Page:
One IP to rule them all… at least, that’s what Swedish video game maker Embracer Group hopes. The company announced Thursday that it had acquired the intellectual property rights to “The Lord of the Rings” and “The Hobbit.” The rights cover a wide variety of different content areas, including movies, video games, board games, merchandise, and even theme parks.
Previously, those rights had been held by the Saul Zaentz Company, which took over in 1976. The film rights had been sold to New Line Cinema, which is still developing the animated film “The Lord of the Rings: War of the Rings.” the Rohirrim” with Warner Bros. However, since Warner Bros. had no plans to develop a live-action adaptation in the works, the film rights reverted to the Saul Zaentz Company last year. All of this is perplexing enough, and then one must ask the question “Where is Amazon in all of this?”
That question is especially pertinent as Amazon is preparing to release “The Lord of the Rings: The Rings of Power” on Prime Video on September 2. Amazon spent over $400 million on the first season alone, so expectations around the series are incredibly high. . The tech company also spent $250 million to acquire the rights to make the show in the first place, but those rights covered only TV shows longer than eight episodes, so they weren’t part of the Zaentz package. Instead, Amazon purchased those rights directly from the estate of “The Lord of the Rings” author JRR Tolkien.
Other development rights, such as video games and merchandise, have remained in the hands of the Saul Zaentz corporation until now.
It’s funny that Amazon lost the bid for the remaining rights to a smaller company, if they were even involved in them to begin with. Embracer’s terms of sale haven’t been disclosed, so it’s not known how much the video game company paid for the intellectual property, but it seems that if money was the only concern, Amazon should have been able to weed out any competition. Water.
What may be more complicated for Amazon now is the specific material that the company has the right to adapt. Amazon owns the rights to the “Lord of the Rings” novels only. The story being adapted is not a retelling of Peter Jackson’s trilogy, but a new narrative based on material drawn from the book’s appendices. Amazon can also adapt specific events or characters from other Tolkien sources like “The Silmarillion,” but must get approval on a case-by-case basis from the author’s estate.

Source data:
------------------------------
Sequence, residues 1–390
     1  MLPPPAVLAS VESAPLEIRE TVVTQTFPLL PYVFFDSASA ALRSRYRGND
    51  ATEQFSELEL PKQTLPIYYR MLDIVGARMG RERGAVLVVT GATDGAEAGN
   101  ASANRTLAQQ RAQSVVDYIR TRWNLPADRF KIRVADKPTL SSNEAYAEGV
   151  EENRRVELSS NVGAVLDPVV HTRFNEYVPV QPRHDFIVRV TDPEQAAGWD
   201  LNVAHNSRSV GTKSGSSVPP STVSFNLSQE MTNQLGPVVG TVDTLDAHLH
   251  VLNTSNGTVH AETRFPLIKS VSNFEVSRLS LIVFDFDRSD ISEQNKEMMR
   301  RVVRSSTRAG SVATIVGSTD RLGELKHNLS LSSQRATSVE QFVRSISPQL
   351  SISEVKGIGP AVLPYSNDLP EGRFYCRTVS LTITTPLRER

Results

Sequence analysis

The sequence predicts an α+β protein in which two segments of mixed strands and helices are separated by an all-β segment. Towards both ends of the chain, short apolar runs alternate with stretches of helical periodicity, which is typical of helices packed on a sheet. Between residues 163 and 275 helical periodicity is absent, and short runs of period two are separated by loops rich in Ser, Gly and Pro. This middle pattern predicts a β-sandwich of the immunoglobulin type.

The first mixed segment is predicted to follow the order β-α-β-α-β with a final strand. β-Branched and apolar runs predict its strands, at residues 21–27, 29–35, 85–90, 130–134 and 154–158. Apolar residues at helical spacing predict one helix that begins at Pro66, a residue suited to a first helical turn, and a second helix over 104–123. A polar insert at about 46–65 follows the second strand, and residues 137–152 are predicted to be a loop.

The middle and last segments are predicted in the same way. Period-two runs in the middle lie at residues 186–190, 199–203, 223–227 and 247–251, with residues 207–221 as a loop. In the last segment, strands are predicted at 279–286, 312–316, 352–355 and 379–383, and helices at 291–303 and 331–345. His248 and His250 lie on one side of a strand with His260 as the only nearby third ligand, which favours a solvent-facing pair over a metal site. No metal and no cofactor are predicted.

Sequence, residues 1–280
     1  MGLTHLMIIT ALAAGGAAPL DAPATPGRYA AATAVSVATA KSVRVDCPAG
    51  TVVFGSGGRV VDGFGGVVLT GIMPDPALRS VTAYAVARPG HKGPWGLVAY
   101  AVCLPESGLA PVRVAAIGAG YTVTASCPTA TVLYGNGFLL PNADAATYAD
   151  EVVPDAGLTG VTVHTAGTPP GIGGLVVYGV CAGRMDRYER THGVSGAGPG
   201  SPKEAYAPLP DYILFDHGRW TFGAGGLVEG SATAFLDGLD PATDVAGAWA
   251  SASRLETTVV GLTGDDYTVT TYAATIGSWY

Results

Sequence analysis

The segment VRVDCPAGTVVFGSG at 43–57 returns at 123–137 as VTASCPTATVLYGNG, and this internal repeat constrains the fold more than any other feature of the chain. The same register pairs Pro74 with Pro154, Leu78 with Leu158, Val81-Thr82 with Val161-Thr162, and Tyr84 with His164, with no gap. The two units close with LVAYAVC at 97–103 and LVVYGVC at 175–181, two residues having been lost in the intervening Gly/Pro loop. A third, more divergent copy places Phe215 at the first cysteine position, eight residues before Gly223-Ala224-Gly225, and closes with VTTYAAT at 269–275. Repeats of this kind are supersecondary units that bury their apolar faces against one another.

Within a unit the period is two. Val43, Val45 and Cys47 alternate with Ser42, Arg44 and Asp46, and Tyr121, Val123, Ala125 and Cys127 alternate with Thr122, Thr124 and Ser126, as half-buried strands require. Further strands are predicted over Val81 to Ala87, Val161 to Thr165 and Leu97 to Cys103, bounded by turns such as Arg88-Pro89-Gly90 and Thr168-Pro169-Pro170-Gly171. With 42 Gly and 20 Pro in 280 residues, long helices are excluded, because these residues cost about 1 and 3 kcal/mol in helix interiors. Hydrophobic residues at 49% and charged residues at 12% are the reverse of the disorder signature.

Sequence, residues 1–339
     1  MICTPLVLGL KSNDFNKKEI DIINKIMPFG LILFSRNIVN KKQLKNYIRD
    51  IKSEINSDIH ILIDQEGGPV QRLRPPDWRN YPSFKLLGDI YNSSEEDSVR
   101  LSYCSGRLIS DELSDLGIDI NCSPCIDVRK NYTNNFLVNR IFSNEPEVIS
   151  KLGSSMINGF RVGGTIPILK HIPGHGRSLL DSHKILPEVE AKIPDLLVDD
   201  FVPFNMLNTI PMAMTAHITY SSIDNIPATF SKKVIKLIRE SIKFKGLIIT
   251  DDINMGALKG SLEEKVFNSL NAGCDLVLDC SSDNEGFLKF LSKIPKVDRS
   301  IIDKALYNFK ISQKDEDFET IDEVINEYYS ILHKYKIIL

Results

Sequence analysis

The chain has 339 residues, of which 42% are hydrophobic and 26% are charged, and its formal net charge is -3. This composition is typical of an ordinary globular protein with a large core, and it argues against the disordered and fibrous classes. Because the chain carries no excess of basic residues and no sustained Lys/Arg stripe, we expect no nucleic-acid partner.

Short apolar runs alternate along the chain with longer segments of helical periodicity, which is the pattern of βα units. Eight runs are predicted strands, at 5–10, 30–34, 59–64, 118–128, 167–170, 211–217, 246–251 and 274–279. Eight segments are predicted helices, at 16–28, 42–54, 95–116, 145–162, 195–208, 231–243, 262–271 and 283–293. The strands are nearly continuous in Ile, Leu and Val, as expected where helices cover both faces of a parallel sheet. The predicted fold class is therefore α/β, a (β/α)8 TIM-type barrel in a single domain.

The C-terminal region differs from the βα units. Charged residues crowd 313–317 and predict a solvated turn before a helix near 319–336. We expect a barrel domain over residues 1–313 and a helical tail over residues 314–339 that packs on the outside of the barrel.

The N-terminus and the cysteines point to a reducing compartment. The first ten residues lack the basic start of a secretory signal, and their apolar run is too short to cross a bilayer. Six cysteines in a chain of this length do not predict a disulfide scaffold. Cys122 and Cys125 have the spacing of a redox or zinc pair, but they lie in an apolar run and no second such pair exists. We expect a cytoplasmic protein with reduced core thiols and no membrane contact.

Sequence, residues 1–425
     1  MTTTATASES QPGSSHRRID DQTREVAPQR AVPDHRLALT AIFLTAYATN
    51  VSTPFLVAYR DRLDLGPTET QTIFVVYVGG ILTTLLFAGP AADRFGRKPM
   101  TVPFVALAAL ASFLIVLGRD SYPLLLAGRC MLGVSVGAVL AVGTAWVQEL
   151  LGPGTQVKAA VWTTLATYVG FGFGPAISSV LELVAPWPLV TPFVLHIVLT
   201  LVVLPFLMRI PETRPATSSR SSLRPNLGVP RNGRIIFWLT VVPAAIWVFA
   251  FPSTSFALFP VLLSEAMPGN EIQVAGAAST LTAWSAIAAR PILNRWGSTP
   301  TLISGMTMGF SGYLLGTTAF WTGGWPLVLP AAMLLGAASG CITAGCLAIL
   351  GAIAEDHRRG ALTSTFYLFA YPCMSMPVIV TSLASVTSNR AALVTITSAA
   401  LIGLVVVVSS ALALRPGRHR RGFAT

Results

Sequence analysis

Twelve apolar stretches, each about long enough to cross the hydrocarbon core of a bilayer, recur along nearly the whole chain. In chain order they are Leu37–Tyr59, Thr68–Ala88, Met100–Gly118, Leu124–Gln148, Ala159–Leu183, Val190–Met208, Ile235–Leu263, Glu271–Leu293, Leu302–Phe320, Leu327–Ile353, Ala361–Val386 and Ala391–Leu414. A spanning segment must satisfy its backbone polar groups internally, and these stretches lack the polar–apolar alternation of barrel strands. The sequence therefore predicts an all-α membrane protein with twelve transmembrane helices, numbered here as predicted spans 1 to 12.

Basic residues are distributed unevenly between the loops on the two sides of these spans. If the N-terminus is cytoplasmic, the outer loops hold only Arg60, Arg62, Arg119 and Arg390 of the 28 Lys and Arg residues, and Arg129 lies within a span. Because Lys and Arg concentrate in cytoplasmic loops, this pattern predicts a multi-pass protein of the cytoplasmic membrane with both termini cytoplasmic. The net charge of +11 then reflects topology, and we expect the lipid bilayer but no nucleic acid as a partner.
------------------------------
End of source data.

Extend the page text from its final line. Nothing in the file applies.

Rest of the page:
Embracer’s new deal also complicates that arrangement. Embracer now owns limited matching rights to projects adapted from “The Silmarillion” as well as “The Unfinished Tales of Numenor and Middle-earth.” That means any company that wants to do an adaptation of those works must first let Embracer decide whether to adapt them for them. “Rings of Power” has already borrowed some elements from these works, and it’s unclear whether future seasons will be able to draw from other Tolkien sources to flesh out its story or not.
One thing is clear for Amazon, their show is going nowhere because of this deal. It still owns the TV development rights to “The Lord of the Rings,” so there’s no way Embracer is going to shut down the project or cancel it after one season, even if it wanted to. However, since Embracer now owns a stake in the show’s success, it will likely leave it alone.
However, the company didn’t buy the IP simply to watch the royalty checks roll in. Presumably, Embracer will be looking to start developing ideas for new film adaptations quickly.
“Opportunities include exploring additional films based on iconic characters such as Gandalf, Aragorn, Gollum, Galadriel, Eowyn and other characters from JRR Tolkien’s literary works,” the company said in a press release, indicating that Embracer already has some intention of Act. about the acquisition.
Embracer could go back to Warner Bros. Discovery to re-engage the studio in developing live-action movies, but because it owns the outright rights, Embracer can decide to sell those film rights to any third party it wants, and so it will surely be a staggering amount of money.
More answers about the deal will emerge, but the bigger questions remain a mystery for now: Why didn’t Amazon acquire these rights? Was it that the Tolkien Estate wanted them to be divided between different companies with different visions? Was the e-commerce giant really overtaken by a Swedish video game company? “Rings of Power” was already facing competition from HBO’s “House of The Dragon,” but in the years to come, could it face more competition from within Middle-earth itself?